Julie Renee Brahmer, MD, MSc, discusses questions regarding the role of consolidative immunotherapy vs targeted therapy in locally advanced non–small cell lung cancer.
Julie Renee Brahmer, MD, MSc, professor of oncology, co-director, Upper Aerodigestive Department, Bloomberg~Kimmel Institute for Cancer Immunotherapy, co-director, Cancer Immunology Program, director, Thoracic Oncology, Sidney Kimmel Comprehensive Cancer Center, Johns Hopkins Medicine, discusses questions regarding the role of consolidative immunotherapy vs targeted therapy in locally advanced non–small cell lung cancer (NSCLC).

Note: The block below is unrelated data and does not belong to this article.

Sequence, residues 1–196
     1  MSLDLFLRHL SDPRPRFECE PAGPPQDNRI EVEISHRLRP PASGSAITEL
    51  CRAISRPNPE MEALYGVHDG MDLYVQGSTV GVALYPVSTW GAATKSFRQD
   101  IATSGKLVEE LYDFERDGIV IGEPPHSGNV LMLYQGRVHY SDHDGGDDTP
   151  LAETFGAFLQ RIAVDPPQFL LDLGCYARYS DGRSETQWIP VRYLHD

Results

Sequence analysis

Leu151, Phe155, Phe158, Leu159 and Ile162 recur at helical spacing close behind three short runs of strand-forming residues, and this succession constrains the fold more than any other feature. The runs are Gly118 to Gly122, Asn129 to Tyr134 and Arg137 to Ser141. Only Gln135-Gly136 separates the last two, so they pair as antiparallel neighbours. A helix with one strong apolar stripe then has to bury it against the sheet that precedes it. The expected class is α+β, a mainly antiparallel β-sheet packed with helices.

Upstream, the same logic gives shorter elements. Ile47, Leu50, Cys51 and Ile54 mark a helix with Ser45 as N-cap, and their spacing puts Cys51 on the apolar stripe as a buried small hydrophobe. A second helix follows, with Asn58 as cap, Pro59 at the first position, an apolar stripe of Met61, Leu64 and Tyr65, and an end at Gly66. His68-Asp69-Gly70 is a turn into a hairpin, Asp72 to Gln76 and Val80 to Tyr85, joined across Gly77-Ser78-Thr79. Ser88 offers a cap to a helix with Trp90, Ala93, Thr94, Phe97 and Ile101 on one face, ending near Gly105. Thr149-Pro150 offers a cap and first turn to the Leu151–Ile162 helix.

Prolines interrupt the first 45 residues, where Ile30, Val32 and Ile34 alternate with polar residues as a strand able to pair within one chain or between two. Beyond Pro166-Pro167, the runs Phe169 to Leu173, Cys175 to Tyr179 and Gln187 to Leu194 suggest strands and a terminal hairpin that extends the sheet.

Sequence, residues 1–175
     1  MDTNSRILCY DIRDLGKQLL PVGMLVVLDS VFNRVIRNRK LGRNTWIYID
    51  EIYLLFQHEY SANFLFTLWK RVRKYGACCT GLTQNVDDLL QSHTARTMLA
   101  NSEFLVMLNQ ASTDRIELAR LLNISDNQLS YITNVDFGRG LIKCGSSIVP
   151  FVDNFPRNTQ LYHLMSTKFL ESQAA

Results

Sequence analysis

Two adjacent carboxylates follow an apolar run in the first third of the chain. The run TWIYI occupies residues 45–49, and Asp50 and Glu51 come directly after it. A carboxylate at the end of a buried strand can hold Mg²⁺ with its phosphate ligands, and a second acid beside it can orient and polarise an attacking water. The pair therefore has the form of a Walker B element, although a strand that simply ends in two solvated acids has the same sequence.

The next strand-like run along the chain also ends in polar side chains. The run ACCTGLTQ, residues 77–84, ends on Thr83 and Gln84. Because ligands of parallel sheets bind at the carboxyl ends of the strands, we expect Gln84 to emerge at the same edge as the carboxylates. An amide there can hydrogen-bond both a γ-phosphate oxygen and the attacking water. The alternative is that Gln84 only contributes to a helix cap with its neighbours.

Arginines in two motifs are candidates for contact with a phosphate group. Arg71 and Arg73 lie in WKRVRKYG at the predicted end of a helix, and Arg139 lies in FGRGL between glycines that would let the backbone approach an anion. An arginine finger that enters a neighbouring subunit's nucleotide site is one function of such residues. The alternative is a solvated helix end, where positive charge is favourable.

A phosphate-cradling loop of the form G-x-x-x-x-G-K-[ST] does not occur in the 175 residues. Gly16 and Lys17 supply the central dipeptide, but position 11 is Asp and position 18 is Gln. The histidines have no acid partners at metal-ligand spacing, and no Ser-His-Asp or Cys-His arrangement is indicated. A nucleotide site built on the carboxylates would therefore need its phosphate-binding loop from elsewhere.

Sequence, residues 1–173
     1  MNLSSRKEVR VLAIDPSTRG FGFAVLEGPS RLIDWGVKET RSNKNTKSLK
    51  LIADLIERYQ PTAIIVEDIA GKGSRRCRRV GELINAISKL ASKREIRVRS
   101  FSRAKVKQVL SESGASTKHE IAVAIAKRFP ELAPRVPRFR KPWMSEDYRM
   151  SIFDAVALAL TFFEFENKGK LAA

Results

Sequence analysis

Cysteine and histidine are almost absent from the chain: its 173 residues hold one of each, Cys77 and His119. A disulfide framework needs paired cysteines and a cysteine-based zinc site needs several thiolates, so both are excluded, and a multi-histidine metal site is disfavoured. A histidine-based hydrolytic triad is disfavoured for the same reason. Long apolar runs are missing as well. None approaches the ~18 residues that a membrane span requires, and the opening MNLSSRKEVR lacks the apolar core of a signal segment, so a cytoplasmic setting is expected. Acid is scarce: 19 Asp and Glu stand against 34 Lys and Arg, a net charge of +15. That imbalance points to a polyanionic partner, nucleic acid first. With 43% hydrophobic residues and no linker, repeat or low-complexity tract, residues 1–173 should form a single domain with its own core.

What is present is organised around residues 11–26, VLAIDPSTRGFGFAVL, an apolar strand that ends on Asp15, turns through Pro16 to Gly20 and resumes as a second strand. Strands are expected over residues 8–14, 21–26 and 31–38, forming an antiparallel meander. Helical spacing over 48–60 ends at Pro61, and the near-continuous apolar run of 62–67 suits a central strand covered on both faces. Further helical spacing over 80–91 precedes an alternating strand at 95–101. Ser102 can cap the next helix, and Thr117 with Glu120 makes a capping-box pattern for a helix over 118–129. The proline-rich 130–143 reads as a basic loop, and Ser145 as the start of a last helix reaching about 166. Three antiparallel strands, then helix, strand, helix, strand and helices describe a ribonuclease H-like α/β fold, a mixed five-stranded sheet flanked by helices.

Treatment selection between consolidative immunotherapy or targeted therapy remains uncertain in patients with oncogene-driven locally advanced NSCLC. Findings from the phase 3 PACIFIC trial (NCT02125461) demonstrated improved survival with durvalumab (Imfinzi) following concurrent chemoradiation in patients with stage III unresectable NSCLC. Although the sample size was limited, patients on the PACIFIC trial who harbored EGFR mutations did not appear to derive progression-free survival or overall survival benefit with durvalumab, Brahmer explains.
Data from the stage IV NSCLC setting, where adjuvant osimertinib (Tagrisso) and atezolizumab (Tecentriq) are utilized, could be extrapolated to inform decisions with consolidative targeted therapy and immunotherapy in the earlier-line setting, Brahmer concludes.